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Election 2016 News and Political Views

      
 Title   Date   Author   Host 

The Austin Chronicle (TX)

by Amy Smith

January 13, 2006

The new political year begins with a four-way speed race for House District 48

The 2006 election cycle in Texas will be given an early test run Tuesday, Jan. 17, as voters in House District 48 go to the polls to choose a successor to Republican Rep. Todd Baxter, who resigned abruptly on Nov. 1. (Officially, Baxter stepped down to spend more time with his family; two weeks after his resignation, he was hired as a lobbyist by the Texas Cable and Telecommunications Association.)

Life Site (Canada)

by Hilary White

January 10, 2006

SURREY - B.C home schooling parents are dismayed after discovering harsh comments about home schooling made by Jim McMurtry, Liberal party candidate for South Surrey, B.C., in the September/October 2003 edition of Teacher Magazine.

McMurtry wrote that parents who educate their children at home are "condemning their children to an impoverished, friendless, and segregated learning environment." Home schooling parents, he said, "participate in what can be perceived as a form of child abuse."

Information Week

by Eric Chabrow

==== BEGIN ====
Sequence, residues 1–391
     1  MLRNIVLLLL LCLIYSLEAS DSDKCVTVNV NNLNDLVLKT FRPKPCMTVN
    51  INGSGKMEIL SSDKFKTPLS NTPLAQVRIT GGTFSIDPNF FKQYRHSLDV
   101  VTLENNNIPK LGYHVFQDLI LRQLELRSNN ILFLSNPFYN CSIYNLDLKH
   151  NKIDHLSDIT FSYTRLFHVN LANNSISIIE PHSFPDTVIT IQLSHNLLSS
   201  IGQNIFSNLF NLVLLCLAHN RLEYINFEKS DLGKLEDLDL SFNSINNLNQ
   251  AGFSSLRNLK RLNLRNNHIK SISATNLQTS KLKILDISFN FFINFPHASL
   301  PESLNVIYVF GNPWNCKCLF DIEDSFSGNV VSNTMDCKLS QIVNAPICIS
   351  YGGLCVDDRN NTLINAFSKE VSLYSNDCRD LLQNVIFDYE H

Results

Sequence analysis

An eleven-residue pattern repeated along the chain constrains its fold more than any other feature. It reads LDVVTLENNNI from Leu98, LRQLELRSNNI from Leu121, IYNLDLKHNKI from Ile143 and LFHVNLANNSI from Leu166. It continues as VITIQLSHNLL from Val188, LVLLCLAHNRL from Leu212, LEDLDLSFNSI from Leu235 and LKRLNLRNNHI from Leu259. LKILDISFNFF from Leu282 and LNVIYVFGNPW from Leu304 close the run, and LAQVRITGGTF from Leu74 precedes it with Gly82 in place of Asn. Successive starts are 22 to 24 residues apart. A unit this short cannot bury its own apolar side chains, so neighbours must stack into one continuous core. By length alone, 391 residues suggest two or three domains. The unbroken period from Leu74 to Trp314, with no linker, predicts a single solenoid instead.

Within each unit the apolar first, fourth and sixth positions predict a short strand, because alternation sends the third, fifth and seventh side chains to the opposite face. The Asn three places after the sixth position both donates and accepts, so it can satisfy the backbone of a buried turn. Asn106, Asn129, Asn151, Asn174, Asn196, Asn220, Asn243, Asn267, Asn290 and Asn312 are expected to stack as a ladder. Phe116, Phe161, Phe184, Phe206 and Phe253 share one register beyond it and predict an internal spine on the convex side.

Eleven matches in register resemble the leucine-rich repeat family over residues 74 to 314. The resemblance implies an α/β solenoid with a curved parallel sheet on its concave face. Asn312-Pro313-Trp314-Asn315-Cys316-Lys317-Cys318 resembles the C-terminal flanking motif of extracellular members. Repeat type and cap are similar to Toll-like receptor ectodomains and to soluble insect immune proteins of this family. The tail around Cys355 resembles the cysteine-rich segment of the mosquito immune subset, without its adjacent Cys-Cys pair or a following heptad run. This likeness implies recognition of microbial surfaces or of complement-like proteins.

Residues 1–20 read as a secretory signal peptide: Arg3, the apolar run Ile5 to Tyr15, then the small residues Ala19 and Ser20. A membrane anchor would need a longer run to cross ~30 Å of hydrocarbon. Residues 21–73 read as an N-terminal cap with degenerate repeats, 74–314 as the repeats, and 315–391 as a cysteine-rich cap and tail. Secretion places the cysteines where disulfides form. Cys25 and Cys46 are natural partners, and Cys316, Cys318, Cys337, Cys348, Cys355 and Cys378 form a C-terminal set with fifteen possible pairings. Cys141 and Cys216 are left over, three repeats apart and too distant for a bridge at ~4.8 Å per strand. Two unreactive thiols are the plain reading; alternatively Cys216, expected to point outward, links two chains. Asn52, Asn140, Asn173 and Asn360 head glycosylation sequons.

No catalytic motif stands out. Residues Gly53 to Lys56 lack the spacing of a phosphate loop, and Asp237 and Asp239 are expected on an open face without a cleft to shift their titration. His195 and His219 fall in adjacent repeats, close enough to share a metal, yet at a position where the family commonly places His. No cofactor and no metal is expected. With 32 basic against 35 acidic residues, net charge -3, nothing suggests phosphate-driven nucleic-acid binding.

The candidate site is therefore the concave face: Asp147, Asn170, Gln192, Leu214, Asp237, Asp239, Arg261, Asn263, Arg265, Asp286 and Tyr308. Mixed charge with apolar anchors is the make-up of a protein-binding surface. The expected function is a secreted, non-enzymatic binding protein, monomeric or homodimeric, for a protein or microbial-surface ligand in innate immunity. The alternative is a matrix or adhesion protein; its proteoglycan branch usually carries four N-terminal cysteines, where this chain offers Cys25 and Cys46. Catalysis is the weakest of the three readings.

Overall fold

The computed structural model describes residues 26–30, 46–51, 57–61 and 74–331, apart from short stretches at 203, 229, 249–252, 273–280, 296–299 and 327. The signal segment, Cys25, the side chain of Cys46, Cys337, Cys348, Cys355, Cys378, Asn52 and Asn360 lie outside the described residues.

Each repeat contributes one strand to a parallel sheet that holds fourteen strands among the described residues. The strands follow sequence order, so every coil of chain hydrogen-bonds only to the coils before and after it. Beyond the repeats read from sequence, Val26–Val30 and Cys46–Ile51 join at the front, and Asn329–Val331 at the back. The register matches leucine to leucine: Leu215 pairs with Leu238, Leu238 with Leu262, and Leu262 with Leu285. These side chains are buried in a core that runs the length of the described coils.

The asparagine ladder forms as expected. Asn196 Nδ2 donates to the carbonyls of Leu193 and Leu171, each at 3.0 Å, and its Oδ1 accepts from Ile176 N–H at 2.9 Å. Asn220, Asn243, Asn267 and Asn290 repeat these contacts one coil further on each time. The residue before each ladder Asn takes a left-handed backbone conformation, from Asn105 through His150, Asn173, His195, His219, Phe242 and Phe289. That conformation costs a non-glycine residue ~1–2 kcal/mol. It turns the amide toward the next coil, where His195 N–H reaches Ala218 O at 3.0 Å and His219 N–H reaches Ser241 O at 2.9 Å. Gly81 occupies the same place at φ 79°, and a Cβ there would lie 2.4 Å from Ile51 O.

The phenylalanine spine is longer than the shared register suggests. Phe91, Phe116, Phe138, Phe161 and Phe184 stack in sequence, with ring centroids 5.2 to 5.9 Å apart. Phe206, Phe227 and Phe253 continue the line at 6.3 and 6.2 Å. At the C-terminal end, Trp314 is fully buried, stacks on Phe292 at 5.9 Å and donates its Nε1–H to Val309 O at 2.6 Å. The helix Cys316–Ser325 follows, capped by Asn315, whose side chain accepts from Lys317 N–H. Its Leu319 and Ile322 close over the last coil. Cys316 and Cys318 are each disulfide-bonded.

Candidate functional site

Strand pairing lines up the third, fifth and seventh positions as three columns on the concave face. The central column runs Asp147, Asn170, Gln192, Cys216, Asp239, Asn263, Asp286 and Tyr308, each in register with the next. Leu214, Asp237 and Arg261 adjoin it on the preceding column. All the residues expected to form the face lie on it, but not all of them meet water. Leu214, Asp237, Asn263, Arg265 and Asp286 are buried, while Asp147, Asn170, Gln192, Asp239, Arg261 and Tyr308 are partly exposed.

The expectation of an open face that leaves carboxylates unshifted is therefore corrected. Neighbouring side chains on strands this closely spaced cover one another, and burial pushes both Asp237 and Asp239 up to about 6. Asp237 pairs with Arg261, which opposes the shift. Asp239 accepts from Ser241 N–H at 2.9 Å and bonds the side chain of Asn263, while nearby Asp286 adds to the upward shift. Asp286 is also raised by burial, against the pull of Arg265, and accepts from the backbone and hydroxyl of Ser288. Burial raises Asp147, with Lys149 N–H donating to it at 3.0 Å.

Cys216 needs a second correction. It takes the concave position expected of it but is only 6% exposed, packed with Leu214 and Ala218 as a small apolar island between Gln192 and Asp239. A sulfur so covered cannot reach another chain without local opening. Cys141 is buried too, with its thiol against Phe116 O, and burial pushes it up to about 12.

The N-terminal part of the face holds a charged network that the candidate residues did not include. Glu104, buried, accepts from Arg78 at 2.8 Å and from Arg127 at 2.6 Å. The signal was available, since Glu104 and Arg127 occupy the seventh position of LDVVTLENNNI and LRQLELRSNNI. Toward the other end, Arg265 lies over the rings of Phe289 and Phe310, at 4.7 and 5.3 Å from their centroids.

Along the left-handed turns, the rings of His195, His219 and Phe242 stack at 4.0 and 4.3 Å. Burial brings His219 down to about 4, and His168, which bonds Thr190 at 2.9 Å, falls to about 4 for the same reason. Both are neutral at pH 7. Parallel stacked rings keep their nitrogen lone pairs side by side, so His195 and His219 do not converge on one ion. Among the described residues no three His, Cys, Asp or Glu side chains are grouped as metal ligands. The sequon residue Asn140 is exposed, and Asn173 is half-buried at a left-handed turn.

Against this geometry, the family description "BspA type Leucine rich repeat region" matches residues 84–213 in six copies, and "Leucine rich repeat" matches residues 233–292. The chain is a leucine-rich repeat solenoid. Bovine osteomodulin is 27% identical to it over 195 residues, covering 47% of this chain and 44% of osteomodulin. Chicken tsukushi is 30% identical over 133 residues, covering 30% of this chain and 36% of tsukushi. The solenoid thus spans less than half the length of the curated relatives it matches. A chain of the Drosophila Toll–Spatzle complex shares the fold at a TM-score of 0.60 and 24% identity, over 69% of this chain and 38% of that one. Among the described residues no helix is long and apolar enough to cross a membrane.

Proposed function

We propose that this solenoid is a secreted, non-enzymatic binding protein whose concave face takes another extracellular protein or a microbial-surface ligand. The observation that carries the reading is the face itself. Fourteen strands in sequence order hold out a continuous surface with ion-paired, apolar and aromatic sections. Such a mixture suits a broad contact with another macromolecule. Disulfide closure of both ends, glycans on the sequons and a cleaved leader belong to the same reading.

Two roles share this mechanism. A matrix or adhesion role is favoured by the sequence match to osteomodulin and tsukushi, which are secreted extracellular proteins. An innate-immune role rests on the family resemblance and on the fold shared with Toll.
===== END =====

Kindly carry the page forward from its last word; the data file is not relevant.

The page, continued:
January 5, 2006

The chief voice for American IT Outsourcing and Offshoring vendors in Washington is seeking to switch sides and become a target of Capitol Hill lobbyists.

As head of the ITAA, Miller has lobbied Congress to liberalize laws such as the H-1B visa program to allow a greater number of foreign IT workers to be employed in the United States, as well as opposed efforts to penalize American businesses from outsourcing work overseas. Miller's positions on these matters have been attacked by some members of the liberal wing of the Democrat Party who seek to limit the importing of IT workers and the exporting of IT jobs as a way to protect American jobs. But Miller suggests his views have been misinterpreted by critics, saying he isn't pro- or anti-outsourcing, but recognizes that American businesses operate worldwide and have the right to hire workers in countries where they conduct business. Placing limits on outsourcing could hurt efforts to open foreign markets to American IT wares, he contends.

mercurynews.com

by Edwin Garcia

December 23, 2005

Suggesting the ''security and integrity'' of electronic voting could be at risk, Secretary of State Bruce McPherson on Tuesday refused to approve the use of thousands of electronic voting machines pending a federal evaluation.

The touch-screen and optical-scan machines, made by Diebold Election Systems, are used in 17 counties, including Alameda. They were found to have "unresolved significant security concerns" with a memory card that stores votes in each machine, McPherson's elections chief, Caren Daniels-Meade, said in a letter to the company's vice president, David Byrd. At issue is whether the removable cards, which are used to program and configure the machines and count their votes, will keep data secure. The Secretary of State's office is asking Diebold to submit the machine's source code for review by the federal Independent Testing Authorities before resubmitting the company's application for certification in California.

New York Times

by James Risen and Eric Lichtblau

December 15, 2005

WASHINGTON -- Months after the Sept. 11 attacks, President Bush secretly authorized the National Security Agency to eavesdrop on Americans and others inside the United States.